The Lumia 800 smartphone from Nokia is, as far as I am concerned, the first true test of the Microsoft/Nokia alliance that swept away Symbian and ushered in a new Windows Phone era.
The Lumia 800 is as much a test for Microsoft as it is for Nokia, but you can’t help but feel anxious for Nokia about this latest milestone in its history.
For many of us at the time, the mighty Nokia’s decision to embrace a Microsoft operating system was unthinkable and felt like a defeat for the troubled mobile maker.
First you have to realise, however, that Nokia is still the largest mobile maker in the world and while the smartphone market is going from strength to strength and is dominated by Apple’s iOS and Google’s Android, it is a mobile battle space that never stops moving.
My experiences of Nokia devices began like most people back in the 1990s and my favourite was the 9000 Communicator – a slab-like device that was futuristic for its time and which brought mobile data communications to the pocket before BlackBerry devices dominated the corporate space.
For much of the past decade, Nokia kept its edge. Unfortunately, by the time the iPhone came on the scene, its Symbian OS hadn’t really changed much. All that was changing was the shape and form of Nokia’s multitude of devices. Sadly, each time I powered one up I felt my heart sink, there was little change and you’ve got to remember this was before the app revolution.
Nokia’s troubles have been well documented but you have to remember that it has great pedigree when it comes to actual wireless technology and quality communications.
Microsoft’s Windows Phone evolution somehow evaded me over the past year and anyone who can remember the Windows Mobile OS of five years or so ago shudders at the memory. The software giant seemed obsessed with putting desktop software en masse onto mobile devices, probably the same thinking that brought us travesties like Vista.
So it was with mild trepidation that I unboxed the Lumia 800. I already knew from reports from the Consumer Electronics Show that the 800 and its sister 900 were well received. I have to admit I was excited about a Nokia device for the first time in five years.
One of the first impressions is the style of the device – it is elegant and features a kind of polycarbonate plastic that is scratch resistant and has a nice velvety sheen.
The screen made of Gorilla Glass appears slightly raised and there are just three symbols (a back button, a Windows emblem and a search key) that denote functionality. Emblazoned on the top is the familiar Nokia logo. The back of the device reveals a 8-megapixel Carl Zeiss camera lens and flash.
Every smartphone today is given the obvious similarity test with the iPhone and the use of a micro-SIM and a white USB-connected charger plug is where the similarities end.
The device weighs just 142 grams and comes with 16GB of internal memory and 512MB of programme memory. The screen is 3.7 inches of AMOLED with WVGA 880 x 400 resolution and 16m colours.
In terms of usability, this phone is most unlike any iPhone – so for originality Microsoft and Nokia have pulled off a coup you can’t quite say is true of rival Android devices.
What I liked most about the Windows Phone operating system was the simplicity and natural feel of the software – everything about it is visual and you know what you are looking for and I can imagine there being little learning curve for any generation of user.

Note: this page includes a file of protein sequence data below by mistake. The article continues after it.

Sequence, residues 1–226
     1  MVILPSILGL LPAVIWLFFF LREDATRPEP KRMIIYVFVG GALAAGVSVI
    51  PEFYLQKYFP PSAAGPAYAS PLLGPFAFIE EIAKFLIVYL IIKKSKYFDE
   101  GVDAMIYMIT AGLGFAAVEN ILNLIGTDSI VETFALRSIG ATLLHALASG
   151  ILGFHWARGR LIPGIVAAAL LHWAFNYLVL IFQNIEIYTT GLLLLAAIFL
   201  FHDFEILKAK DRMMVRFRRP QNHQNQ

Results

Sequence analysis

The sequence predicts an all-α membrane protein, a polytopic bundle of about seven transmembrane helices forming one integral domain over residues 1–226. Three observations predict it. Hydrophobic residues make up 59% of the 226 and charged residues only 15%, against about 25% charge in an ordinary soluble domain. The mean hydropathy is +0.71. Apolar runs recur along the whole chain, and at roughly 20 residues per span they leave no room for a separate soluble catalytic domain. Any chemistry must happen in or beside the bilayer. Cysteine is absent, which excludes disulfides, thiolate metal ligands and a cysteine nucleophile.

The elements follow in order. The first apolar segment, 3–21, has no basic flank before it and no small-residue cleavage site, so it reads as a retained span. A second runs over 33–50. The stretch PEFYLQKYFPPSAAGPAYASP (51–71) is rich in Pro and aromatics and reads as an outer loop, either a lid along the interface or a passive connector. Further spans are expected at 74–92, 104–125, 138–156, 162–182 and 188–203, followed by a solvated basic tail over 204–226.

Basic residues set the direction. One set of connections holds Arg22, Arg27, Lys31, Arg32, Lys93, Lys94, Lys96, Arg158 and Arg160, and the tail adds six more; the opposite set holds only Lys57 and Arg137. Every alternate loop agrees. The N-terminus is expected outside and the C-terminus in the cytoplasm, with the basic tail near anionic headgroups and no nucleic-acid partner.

A real return to form for Nokia
A nice surprise was Nokia’s ClearBlack display, because everything behind the tiles is black and if you are standing in a dark room it gives you the feeling that everything is floating on air. If you look at the tiles from the side of the phone it feels as if they are actually part of the glass rather than buried under the material.
The Windows Phone 7.5 (that’s Mango) device could be termed what I would call a crossover device – it is ideal for the professional user who wants style and elegance but who also wants to enjoy his or her digital and social lifestyle.
For example, the phone connects in an arresting visual display to your Xbox Live hub and your 3D avatar, as well as featuring Zune media-playing technology.
As a business and productivity device it is surprisingly versatile – it connects to and synchronises with Office 365 applications, like Word, Excel and PowerPoint, not to mention Lync and Sky Drive.
I particularly like the way it integrates you and your friends’ social activity into the dynamic address book. Very clever and visually arresting.
Nokia has made a very elegant device that should start conversations but the real winner is how smooth the software is to use. Not only is it fast but in the programme menu if you slide the list down with your finger to the bottom, the display actually compresses the words, giving a really physical feeling to the software.
While I found the device to be versatile, I wasn’t totally happy with the battery life but this was probably because I was using it primarily as a data device and after that as a phone.
Talk time on the device in GSM zones is up to 13 hours and 265 hours on standby. Video playback time is 6.5 hours, music playback is up to 55 hours and browsing over 3G and HSDPA is up to 4.5 hours.
All in all, I think this is a fantastic achievement by Nokia, a real return to form.
The Nokia Lumia 800 has an RRP from free with Vodafone MyWay bill pay plans and will be priced at €429.99 on pay as you go.
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